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F(x,y) and change of variables

  1. Nov 28, 2007 #1
    1. The problem statement, all variables and given/known data
    f(x,y) a function of two variables.
    x = 2u
    y = u-3v

    Using a change of variables, transform the equation (d²f/dx²) + (df/dy) = 0
    into the coordinates system {u,v}.


    2. Relevant equations
    We have kind of a replacement teacher for the session and it is his first time giving the course. He almost doesn't give examples and well he's pretty bad :( The problem is that the exams and homeworks are the same for every group, so whenever we get an homework much of what is in it is mostly unknown to us (questions made by the other teachers of the other groups).
    So anyways, I'll stop moaning. I quite don't understand what I have to do. If someone could just point me in some direction, I'd be glad.


    3. The attempt at a solution
    Should I do the partial derivatives? Where do I use the change of variables?

    Oyoyoy.
     
    Last edited: Nov 28, 2007
  2. jcsd
  3. Nov 28, 2007 #2

    Dick

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    You need to use the chain rule for partial derivatives. E.g. df/du=(df/dx)*(dx/du)+(df/dy)*(dy/du) (all partial derivatives). Try looking that up.
     
  4. Nov 28, 2007 #3
    Oooh yes, that definitely rings a bell.
    I'll try that tonight, thanks :D
     
  5. Nov 28, 2007 #4
    Hey hmm, the partial derivative in x of "e^(xy)", is it zero?
     
  6. Nov 28, 2007 #5

    Dick

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    No, why would you think that? Is this a different problem?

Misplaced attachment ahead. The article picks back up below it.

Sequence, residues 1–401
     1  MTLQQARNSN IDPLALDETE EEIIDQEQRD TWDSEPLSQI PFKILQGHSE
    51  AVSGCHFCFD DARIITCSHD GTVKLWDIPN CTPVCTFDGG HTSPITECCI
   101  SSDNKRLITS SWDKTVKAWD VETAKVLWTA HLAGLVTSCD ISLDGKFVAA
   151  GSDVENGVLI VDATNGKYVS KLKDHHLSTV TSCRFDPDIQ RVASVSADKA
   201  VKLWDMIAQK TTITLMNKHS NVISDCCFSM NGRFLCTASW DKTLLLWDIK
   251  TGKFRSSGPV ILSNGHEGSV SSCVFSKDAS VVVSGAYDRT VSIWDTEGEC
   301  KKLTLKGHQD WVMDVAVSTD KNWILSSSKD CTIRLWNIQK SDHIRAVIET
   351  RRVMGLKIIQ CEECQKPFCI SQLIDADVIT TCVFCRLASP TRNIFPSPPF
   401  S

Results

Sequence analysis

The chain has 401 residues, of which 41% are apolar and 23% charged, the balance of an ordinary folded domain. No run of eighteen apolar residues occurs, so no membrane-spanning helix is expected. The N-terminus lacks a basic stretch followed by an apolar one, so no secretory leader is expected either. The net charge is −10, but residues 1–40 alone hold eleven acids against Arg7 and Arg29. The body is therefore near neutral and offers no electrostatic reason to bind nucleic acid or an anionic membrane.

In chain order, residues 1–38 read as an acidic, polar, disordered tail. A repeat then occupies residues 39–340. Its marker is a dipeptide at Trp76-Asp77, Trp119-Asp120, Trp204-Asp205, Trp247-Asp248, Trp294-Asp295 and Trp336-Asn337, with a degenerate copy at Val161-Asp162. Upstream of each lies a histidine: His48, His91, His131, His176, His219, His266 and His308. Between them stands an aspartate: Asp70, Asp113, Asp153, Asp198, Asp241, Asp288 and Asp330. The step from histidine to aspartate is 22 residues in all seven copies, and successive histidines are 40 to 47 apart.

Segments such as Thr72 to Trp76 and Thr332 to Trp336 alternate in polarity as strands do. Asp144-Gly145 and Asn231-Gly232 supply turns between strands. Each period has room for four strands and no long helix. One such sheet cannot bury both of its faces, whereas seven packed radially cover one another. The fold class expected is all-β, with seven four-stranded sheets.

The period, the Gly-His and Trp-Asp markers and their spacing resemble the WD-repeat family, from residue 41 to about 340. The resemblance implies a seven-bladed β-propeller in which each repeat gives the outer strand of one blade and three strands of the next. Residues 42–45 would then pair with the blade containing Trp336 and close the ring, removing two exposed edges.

7. Nov 29, 2007 #6
    Ok now, sorry I was fooling around with the other numbers of the homework.
    So should I do something like, assuming f = f(x,y), :

    df/du = (df/dx)(dx/du) + (df/dy)(dy/du)
    and
    df/dv = (df/dx)(dx/dv) + (df/dy)(dy/dv)

    But then what does it means to transform the equation into the coordinates system {u,v}?
     
  8. Nov 29, 2007 #7

    HallsofIvy

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    It means to get a corresponding equation in the variable u and v rather than x and y!
    [tex]\frac{\partial f}{\partial y}= \frac{\partial f}{\partial u}\frac{\partial u}{\partial y}+ \frac{\partial f}{\partial v}\frac{\partial v}{\partial y}[/tex]
    In particular, with your x= 2u, y= u- 3v, you will need u and v in terms of x and y so solve the 2equation: u= x/2, y= (x/2)- 3v: 3v= (x/2)- y: v= x/6- y/3.
    From that
    [tex]\frac{\partial u}{\partial y}= 0[/tex]
    and
    [tex]\frac{\partial v}{\partial y}= -1/3[/tex]
    so
    [tex]\frac{\partial f}{\partial y}= -\frac{1}{3}\frac{\partial f}{\partial v}[/tex]
     
  9. Nov 29, 2007 #8
    And there was light.
    Wow thanks now that's clear :D
    So now I just have to find d²f/dx² = d/dx [(df/du)(du/dx) + (df/dv)(dv/dx)] (or i'm not sure, gotta check my notes about composed functions) and rewrite the equation with the new values found? Like "what I'm about to find" + -1/3 (df/dv) = 0 ?
    That is wonderful.
     
  10. Nov 29, 2007 #9

    HallsofIvy

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    Yes. Be careful about the second derivative. Write out the first derivative and then apply the same chain rule when differentiating that.
     
  11. Nov 29, 2007 #10
    Ok so now I have :

    d²f/dx² = d/dx [ 1/2 (df/du) + 1/6 (df/dv) ]
    Is this right?
    Damn I feel so stupid because I feel that it's not that hard :(
    I'm not even sure about the next steps.
    I think I need a drink.
     
  12. Nov 29, 2007 #11
    And wouldn't dy/du = 1 because they are independant or something?
    f(2u, u-3v)
    Or I'm talking crap.
    oyoyoy
     
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